David Detomasi, professor of International Business at Queen’s University, agreed with McTeague’s estimate that the response has been overblown and caused partly by speculation, and partly due to deregulation of the oil industry.

“Although Canada and the United States does not get any oil from Libya, the speculation is affecting the price of gas futures on the world’s stock markets. There is some fear that what is going on in Libya will spill over to the rest of the Middle East,” Detomasi told “And there are people who are looking to make a profit from that possibility.”

Oil was at under $75 a barrel when Egyptians took to Facebook and, subsequently, the streets of Tahrir Square earlier this month. Then the oppressed citizenry of three other nations followed suit.  Through it all, hundreds were shot, dozens were killed, but not one drop of oil was wasted, destroyed or flow-stopped. But oil is $110 per gallon today.

Why?  If none of the things that would have caused price increases happened, why have prices increased *anyway*?

Three words: Speculator fear-mongering.

The prices you and I see every day are immediately changed by what speculators say *might* happen.  What the hell will the grocery bill and gas pump going to look like if any of the fear-factors ever actually happen? Can you say high-interest soup-mortgage?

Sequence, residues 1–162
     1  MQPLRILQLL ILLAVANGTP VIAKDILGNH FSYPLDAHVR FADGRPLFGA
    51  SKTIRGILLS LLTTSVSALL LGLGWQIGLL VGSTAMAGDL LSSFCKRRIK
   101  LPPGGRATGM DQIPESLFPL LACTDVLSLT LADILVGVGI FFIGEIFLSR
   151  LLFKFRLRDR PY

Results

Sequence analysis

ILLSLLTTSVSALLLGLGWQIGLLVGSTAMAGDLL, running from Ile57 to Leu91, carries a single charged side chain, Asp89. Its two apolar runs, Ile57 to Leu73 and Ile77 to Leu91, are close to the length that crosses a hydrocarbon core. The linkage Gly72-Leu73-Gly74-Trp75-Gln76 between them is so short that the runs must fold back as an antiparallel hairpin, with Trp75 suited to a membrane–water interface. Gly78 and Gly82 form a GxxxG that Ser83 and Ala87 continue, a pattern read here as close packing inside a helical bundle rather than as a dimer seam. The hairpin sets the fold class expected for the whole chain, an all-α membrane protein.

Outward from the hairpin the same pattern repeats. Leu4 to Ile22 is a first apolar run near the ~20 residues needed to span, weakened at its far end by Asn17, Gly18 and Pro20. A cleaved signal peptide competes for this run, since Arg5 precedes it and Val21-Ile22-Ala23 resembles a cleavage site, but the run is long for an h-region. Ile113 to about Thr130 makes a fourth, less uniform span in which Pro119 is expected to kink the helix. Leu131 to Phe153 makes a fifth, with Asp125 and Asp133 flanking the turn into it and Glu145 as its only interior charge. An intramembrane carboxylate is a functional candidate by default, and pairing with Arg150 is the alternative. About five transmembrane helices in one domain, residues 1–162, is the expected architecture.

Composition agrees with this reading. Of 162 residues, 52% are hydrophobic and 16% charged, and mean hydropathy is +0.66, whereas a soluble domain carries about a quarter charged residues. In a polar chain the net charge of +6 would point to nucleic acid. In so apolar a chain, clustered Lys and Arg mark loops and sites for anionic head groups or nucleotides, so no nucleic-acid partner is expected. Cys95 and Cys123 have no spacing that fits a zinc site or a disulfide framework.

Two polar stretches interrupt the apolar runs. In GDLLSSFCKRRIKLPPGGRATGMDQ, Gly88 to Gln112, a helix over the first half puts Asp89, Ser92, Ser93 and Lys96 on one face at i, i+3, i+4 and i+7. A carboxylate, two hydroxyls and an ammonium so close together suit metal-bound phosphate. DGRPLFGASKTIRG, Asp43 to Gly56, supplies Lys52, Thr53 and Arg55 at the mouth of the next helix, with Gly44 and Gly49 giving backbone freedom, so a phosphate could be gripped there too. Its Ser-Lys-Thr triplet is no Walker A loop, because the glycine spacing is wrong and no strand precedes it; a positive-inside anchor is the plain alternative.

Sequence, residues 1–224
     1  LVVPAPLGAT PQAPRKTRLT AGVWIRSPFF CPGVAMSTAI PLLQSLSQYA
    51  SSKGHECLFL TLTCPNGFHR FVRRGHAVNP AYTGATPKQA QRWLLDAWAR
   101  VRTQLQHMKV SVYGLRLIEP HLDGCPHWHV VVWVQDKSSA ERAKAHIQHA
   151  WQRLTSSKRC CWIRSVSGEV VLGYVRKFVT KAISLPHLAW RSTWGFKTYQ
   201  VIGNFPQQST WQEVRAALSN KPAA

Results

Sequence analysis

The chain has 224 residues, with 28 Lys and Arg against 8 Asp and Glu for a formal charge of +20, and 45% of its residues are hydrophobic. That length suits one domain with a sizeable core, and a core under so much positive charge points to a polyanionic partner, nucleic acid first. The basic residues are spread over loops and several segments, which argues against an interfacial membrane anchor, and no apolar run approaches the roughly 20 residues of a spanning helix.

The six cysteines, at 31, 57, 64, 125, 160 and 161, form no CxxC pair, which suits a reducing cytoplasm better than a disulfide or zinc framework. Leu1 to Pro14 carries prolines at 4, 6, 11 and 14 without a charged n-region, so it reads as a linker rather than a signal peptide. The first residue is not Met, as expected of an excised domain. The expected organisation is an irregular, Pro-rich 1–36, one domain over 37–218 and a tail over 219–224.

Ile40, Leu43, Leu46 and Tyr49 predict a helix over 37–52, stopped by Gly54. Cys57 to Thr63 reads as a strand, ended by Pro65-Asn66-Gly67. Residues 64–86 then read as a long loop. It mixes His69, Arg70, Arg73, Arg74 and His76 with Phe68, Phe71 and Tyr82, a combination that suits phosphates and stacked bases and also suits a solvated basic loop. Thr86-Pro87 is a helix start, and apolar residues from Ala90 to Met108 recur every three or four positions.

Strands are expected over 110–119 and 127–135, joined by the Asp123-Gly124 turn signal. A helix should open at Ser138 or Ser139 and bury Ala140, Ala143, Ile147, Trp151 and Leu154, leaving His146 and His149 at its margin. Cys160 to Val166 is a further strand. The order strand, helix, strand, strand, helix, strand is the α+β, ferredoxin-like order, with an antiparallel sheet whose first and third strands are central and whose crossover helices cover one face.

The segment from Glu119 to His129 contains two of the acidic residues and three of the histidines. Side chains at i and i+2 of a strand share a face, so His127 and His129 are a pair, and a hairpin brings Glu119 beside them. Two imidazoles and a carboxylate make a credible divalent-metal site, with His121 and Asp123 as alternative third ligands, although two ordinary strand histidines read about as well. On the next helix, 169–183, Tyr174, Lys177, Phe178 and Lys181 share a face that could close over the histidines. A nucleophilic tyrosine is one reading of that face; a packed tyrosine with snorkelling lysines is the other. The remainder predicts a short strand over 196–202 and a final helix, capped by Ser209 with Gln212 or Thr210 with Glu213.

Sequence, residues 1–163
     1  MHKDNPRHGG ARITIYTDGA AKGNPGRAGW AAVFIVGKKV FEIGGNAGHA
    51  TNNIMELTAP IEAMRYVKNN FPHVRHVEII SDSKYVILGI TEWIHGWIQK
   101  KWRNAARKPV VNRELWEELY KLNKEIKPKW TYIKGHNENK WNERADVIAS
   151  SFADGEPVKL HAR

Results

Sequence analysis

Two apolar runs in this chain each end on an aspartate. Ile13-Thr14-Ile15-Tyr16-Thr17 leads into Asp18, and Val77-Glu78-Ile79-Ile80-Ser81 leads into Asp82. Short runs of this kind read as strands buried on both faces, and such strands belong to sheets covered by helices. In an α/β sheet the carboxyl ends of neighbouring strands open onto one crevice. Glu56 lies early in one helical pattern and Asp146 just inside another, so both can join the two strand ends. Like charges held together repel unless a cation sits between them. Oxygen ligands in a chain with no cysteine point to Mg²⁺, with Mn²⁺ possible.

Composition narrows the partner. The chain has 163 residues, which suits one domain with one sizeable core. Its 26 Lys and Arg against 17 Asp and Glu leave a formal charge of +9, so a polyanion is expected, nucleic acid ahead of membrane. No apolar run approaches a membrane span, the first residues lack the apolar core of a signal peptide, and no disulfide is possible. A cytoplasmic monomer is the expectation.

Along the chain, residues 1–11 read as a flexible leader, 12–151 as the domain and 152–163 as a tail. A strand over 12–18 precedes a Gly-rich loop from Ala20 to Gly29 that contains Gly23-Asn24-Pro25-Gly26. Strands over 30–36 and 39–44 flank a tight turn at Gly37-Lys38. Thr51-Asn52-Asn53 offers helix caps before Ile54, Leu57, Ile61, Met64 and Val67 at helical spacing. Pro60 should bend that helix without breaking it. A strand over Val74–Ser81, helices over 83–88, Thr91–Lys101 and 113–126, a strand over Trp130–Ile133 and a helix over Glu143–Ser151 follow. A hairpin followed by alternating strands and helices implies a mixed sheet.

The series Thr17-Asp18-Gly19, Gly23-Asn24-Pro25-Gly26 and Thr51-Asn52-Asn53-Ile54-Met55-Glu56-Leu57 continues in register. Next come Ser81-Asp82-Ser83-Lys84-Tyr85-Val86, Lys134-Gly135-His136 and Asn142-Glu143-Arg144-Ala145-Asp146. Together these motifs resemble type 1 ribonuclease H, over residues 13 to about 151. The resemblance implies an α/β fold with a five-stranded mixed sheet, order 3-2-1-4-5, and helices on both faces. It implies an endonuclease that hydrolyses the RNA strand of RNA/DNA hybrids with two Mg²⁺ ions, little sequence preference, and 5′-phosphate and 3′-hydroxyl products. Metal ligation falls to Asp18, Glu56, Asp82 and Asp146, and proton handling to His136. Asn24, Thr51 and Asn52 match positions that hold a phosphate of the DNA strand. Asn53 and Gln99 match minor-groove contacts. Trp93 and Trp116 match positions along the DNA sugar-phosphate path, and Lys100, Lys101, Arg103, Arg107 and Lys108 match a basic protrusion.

It’s painfully simple to prove that the oil and gas industry lies to us on a daily basis.

In 2003, the primary gasoline provider to the Phoenix Valley in Arizona, Kinder-Morgen, announced that they were opening a brand-new second supply line into Phoenix that would immediately increase supply by 40%.  Throughout the fight that Kinder-Morgen put up to get permits to build the pipeline, they argued that decreased supply in contrast to customer demand was what caused Arizona’s gas prices to top $4 a gallon.

If your price is based on the amount of supply, and you increase supply by 40 percent, simple Sesame Street mathematics tells you that price should equitably drop by 40 percent.

Kinder-Morgen got their permits and built that second supply line. And prices decreased by exactly … zero.  Why? The company’s official reason was, “Unforeseen increase in demand.” The Arizona Department of Transportation reports that fueled vehicle population in Arizona has increased by a net of 4.3 percent between 2003 and 2011.

Like I said … painfully simple.

Energy speculators. Agricultural speculators. Technology speculators. Investment speculators. We even have speculators who guess at what other speculators will guess! And while they deal in nothing but potential intangibles, they all have direct, immediate, tangible impact on the active American dollar.

We, as a nation, are putting far too much stock in speculators, while the working class savings account pays the price. And we can’t get a zero-interest federal bailout when we go under, because that would be “Communist redistribution of wealth.”

But, you know me – the eternal optimist!  Look on the bright side: With oil so expensive again, just think of how much the U.S. government is going to save by cutting all those home oil heating subsidies for the elderly next winter.

Posted in: Errata